I was sitting in my advanced composition class, my last semester of my senior year of high school. Our teacher, Mr. Z., bore a stark resemblance in appearance and character to Mr. Forrester
, which I loved. Sometimes I wondered, was it intentional? He never implied it. Years later, I think it was his best attempt at invoking a passion for writing in his students without making himself vulnerable by saying so. Mostly stoic, slightly sentimental in subtle ways, he never embellished praise over our work in the classroom, but we could see the hundreds of photos of past students he had taped to his cabinet year after year. Yet he was revered in ways that made the slackers straighten up, and made introverted writers like myself believe that even if my classmates hated my essays, his opinion was the only one that mattered.
His snow white mustache twitched in amusement as he stood before us and repeated the phrase.
I looked around the room. Every eye was fixed.
“Don’t think; just write.”
The cogs collectively turned. Is he telling us that we don’t have to try? That he appreciates a lack of thought? That the grades don’t matter? Or better yet, he won’t grade us? Please elaborate before I screw up the assignment, I begged silently.
Thankfully, he explained himself. The rest of his speech I don’t remember word for word, but that moment is forever echoing in my memory.
Except for weeks like this when I’m caught up in a frenzy of checking my blog stats and reading from writers that are way better than myself and drafting post after disappointing post that quickly coagulate into rotten, useless garbage as soon as I have written them. It all stinks.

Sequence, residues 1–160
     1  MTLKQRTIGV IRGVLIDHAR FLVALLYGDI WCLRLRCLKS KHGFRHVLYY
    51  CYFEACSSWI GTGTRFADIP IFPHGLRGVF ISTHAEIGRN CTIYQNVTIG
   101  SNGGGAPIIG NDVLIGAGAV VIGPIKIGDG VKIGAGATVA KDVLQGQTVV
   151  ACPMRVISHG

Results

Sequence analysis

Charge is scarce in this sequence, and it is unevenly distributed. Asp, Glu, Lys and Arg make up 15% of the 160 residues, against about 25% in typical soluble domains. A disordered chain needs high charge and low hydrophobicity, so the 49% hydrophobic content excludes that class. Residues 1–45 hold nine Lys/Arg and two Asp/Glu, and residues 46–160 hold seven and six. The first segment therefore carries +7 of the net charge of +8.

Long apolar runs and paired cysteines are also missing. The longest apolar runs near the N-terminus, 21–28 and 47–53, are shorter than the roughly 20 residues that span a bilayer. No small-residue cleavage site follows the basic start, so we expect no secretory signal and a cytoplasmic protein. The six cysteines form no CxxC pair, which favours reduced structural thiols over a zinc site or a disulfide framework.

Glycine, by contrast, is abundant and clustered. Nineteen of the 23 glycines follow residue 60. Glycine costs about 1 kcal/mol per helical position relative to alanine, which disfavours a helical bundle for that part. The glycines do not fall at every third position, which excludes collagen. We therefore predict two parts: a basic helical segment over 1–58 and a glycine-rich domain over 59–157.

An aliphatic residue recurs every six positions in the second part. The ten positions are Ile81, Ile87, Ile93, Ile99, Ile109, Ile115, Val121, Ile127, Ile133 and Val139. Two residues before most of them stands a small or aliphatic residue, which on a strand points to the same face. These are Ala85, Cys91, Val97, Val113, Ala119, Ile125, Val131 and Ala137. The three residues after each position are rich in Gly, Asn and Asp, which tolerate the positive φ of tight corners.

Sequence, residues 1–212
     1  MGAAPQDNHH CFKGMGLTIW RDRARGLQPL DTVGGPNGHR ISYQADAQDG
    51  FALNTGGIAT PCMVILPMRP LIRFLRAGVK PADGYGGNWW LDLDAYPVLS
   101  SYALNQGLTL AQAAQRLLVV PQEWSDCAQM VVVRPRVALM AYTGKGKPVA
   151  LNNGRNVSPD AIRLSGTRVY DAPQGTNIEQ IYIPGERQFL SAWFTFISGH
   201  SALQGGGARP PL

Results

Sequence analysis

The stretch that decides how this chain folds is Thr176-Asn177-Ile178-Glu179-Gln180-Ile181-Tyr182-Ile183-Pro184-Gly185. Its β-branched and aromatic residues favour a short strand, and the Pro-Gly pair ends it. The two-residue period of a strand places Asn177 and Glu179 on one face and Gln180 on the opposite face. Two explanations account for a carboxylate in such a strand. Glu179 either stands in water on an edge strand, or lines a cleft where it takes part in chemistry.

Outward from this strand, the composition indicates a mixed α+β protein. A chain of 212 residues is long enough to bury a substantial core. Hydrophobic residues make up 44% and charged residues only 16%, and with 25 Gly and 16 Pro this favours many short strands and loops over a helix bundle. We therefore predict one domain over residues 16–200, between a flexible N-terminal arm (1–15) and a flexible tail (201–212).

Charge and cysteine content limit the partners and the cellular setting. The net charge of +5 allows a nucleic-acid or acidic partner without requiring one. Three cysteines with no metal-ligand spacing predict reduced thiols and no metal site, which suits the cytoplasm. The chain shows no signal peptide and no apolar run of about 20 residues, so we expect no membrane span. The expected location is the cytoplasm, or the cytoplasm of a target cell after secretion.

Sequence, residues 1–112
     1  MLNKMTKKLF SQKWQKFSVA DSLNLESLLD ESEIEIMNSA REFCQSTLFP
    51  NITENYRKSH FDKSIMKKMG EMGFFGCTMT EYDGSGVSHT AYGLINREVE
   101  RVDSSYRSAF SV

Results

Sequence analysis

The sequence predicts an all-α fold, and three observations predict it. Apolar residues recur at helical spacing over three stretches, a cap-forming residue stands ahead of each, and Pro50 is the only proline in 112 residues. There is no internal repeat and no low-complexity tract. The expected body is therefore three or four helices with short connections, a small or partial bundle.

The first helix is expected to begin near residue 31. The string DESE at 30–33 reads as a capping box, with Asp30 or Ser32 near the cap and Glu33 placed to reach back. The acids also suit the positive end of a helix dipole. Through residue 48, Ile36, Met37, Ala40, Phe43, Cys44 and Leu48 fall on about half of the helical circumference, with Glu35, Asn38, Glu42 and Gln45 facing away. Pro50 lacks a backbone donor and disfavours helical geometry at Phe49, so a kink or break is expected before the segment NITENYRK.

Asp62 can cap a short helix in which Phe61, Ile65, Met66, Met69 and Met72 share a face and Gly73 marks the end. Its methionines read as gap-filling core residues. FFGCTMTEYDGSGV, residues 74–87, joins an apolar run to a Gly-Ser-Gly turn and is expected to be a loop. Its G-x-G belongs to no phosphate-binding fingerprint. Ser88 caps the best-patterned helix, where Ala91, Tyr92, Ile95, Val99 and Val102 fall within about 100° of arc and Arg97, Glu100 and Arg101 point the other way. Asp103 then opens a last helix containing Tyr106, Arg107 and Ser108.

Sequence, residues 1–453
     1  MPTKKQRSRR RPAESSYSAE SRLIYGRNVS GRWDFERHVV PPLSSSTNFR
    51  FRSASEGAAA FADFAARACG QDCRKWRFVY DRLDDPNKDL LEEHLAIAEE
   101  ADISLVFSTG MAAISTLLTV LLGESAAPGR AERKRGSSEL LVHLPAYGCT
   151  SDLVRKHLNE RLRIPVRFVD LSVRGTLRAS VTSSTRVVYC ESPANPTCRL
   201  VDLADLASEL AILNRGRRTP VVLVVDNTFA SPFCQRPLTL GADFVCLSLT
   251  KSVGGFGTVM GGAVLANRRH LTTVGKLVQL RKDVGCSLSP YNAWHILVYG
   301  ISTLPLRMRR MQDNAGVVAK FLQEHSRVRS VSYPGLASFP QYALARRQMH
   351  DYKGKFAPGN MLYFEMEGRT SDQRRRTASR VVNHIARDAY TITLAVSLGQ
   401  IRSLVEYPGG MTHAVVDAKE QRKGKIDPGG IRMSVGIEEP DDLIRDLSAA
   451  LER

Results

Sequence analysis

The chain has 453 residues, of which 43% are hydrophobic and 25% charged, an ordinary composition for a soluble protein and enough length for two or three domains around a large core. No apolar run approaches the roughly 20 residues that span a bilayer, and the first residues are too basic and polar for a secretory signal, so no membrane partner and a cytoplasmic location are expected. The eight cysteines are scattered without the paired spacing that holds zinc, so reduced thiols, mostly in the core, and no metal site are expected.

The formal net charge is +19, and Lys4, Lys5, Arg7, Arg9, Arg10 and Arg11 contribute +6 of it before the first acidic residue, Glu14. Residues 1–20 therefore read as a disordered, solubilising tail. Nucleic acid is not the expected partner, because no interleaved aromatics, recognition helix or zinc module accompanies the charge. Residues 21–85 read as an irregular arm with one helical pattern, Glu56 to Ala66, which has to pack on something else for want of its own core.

I’ve read several posts this week that have given me pause for writer’s reflection: What am I doing here and why? The posts I read, while convicting, while true, while inspiring, exposed my deeply rooted insecurities, making me even less sure that I wanted to answer the question. I don’t want to admit that I’m doing it wrong.
With the world at our finger tips online, it’s too easy to get caught up in being creative for the purpose of gaining readership and reaction – affirmation – especially through blogging. So much so that I rarely write just to write, but more often write about writing to gain readership and response from other writers.
When the blog stats tick up and then down and then dwindle there in that sickening flat line, I wonder where the vitality in my writing was lost. And then my insecurity spins wildly out of control and I question who I am and why and how I’m trying to do this thing called writing.
There, I admitted it. Step one is done.
Step two: How do I get myself out of this mess?
I tried to write it out all week long, battling against the part of me that says, if you blog about this, aren’t you bringing yourself back into the cycle of writing to be read? Nothing I wrote felt real to me when I went back and read it.
Looking through my arsenal of half-written posts that have never been published, I found the beginning of this draft that I abandoned a couple of months ago, with only his words,
And I am that seventeen-year-old girl again, standing in front of my peers, essay in shaking hand, worried that what I’ve written and am about to share is completely worthless. And somehow, six years later, he’s still reminding me, quietly, in few words but in many, many ways, it’s not. With a steadying breath and his words reverberating in my mind, I tell myself,
P.S. I’ll love-link to those helpful posts I mentioned tomorrow.
[Image: Insecurity Photographed. Otherwise known as: A screenshot of what my desktop looks like when I'm dissatisfied with my writing, so I begin yet another untitled draft.]
[Image within the Image: desktop wallpaper found here.]